Why is My Poblano Pepper Plant Turning Purple?

It can be alarming if your poblano pepper plant starts to turn purple. Don’t worry! It’s not as big of a deal as you might think.

Your poblano pepper plant is turning purple because it has an excess of anthocyanin, the compound responsible for the color purple in plants. Anthocyanin is non-toxic and won’t affect whether or not you can eat your poblanos. The color change is caused by excess anthocyanin, resulting from a phosphorus deficiency or extreme weather.

Keep reading to learn all about poblano pepper plants turning purple!

Reasons for the poblano pepper plant to turn purple

First, let’s talk about the reasons why your plant may be turning purple.

Reasons for a poblano pepper plant to turn purple include:

  • Phosphorus deficiency
  • Extreme weather
  • Excess anthocyanin

A phosphorus deficiency is often caused by a lack of nitrogen rather than a lack of phosphorus. A nitrogen deficiency prevents plant roots from absorbing phosphorus, leading to a deficiency.

Extreme weather can cause poblano pepper plants to turn purple. Extreme weather includes, but is not limited to, excessive heat, freezing temperatures, and drought.

Lastly, all purpling of plants is due to a compound called anthocyanin. This is what makes plants appear purple. Extra anthocyanin will cause a purple appearance on your poblano pepper plant. Luckily, it’s a non-toxic compound!

Phosphorus deficiency

If your poblano plant is turning purple, you may have a phosphorous deficiency on your hands.

One reason why your poblano pepper plant is turning purple may be a phosphorus deficiency. Along with purpling, phosphorus deficiencies can also cause reduced shoot growth.

Phosphorus is one of the most important elements for plants. Phosphorus deficiencies can cause reduced shoot growth and the purpling of leaves.

How to fix it: 

A deficiency can’t be good! How do you fix it?

To fix a phosphorus deficiency, make sure your soil has enough nitrogen. A nitrogen deficiency can inhibit the uptake of phosphorus. Use a fertilizer with an NPK value of 5-10-10 to ensure that your poblano pepper plant has the right ratio of nitrogen, phosphorus, and potassium.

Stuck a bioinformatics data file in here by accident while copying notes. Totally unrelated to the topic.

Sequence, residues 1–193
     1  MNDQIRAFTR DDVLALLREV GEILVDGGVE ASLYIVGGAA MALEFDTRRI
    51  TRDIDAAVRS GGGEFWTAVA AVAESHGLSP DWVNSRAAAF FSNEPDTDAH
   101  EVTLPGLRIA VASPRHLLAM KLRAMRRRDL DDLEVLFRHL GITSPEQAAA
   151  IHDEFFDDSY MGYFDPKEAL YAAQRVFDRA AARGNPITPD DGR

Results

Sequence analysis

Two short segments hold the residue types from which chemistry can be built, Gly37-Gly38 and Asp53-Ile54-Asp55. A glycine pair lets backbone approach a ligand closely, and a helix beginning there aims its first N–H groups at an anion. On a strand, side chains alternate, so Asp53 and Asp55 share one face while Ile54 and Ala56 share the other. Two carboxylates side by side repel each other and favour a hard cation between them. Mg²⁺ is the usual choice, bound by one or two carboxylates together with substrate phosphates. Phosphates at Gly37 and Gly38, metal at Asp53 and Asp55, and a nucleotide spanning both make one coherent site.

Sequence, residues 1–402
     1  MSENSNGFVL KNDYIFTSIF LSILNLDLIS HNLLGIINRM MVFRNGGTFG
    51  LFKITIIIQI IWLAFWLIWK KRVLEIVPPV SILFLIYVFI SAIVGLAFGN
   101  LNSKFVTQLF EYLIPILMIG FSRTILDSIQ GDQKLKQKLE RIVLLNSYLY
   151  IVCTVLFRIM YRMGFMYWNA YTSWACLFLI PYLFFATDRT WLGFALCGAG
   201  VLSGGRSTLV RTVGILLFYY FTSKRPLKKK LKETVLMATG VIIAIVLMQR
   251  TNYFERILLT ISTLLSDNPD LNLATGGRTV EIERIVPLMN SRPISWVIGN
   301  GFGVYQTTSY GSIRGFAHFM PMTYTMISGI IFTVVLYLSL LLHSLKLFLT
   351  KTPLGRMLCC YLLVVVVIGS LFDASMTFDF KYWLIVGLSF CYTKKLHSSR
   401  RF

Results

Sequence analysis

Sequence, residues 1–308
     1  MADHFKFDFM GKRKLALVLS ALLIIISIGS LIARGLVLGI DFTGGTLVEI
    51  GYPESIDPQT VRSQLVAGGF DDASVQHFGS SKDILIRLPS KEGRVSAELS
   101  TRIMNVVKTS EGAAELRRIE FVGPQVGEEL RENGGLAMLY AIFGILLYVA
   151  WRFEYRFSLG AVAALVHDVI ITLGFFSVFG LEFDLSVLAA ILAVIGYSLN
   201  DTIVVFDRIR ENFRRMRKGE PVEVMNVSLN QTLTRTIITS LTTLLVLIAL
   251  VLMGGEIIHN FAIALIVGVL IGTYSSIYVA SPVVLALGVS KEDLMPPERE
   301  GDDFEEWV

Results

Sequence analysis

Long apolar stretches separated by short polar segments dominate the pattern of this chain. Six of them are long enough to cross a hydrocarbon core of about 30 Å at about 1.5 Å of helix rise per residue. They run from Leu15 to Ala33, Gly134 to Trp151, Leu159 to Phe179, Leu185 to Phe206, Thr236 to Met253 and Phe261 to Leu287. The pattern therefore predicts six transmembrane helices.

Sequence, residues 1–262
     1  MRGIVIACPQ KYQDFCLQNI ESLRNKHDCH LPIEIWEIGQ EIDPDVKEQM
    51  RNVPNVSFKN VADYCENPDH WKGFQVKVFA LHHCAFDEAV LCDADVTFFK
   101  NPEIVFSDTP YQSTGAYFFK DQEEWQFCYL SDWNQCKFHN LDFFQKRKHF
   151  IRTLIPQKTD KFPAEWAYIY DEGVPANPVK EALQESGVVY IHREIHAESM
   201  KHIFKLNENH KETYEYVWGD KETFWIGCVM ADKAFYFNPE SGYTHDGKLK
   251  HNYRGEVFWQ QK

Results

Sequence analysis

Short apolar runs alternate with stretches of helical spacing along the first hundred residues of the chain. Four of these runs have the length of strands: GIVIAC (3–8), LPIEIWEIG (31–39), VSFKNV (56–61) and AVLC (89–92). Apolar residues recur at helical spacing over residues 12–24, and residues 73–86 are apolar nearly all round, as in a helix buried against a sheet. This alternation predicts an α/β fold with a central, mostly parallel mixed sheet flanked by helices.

A lack of phosphorus in the soil doesn’t always cause phosphorus deficiency. Instead, it’s usually caused by a nitrogen deficiency that prevents your poblano’s roots from absorbing enough phosphorus.

Be sure to use a fertilizer with a 5-10-10 NPK value to make sure your peppers have both enough nitrogen and phosphorus.

The NPK value is the percentage of nitrogen, phosphorus, and potassium found in fertilizer. These are potentially the most important elements when it comes to plant growth.

Always research the NPK value needed by a plant before fertilizing it!

Extreme weather

There’s not much you can do to avoid extreme weather if you’ve planted at the right time of year.

One reason why your poblano pepper plant is turning purple may be extreme weather, including excessive heat, freezing temperatures, and drought.

Weather that’s too hot can cause a purple color in plants.

Other extreme conditions that can cause purpling include freezing temperatures and drought.

How to fix it: 

Now what?

You can’t fix extreme weather. All you can do is follow proper transplanting advice- transplant when nighttime lows are regularly above 50°F. Besides that, all you have is a hope and a prayer!

Well, you can’t really fix this one. 

The best you can do is to transplant your poblano peppers when nighttime lows are regularly above 50°F.

If you follow that advice, the only other thing you’ve got is hope and a prayer!

Excess anthocyanin

What the heck is anthocyanin?

If your poblano pepper plant is turning purple, that means it has an excess of anthocyanin. Anthocyanin is the compound that causes plants to appear purple. It’s a non-toxic, water-soluble glucoside and isn’t much of a concern.

Anthocyanin is a water-soluble glucoside that causes plants to turn purple.

While this isn’t a “cause” on its own, it’s the reason behind the purpling of plants – normal or not.

How to fix it: 

To avoid excess anthocyanin, make sure your poblano peppers have enough phosphorus and nitrogen.

Likewise, transplant your poblanos when nighttime lows are consistently above 50°F.

Are purple poblano peppers safe to eat?

Now the real question is…can you still eat the peppers?

Purple poblanos peppers are still safe to eat. Anthocyanin, the compound that causes purpling in plants, is non-toxic.

Don’t worry, you can still eat the poblano peppers off of a purple poblano pepper plant! It won’t harm you.

The only real concern is how the causes behind the purpling will affect your plant’s growth.

But as for the fruits themselves, no worries!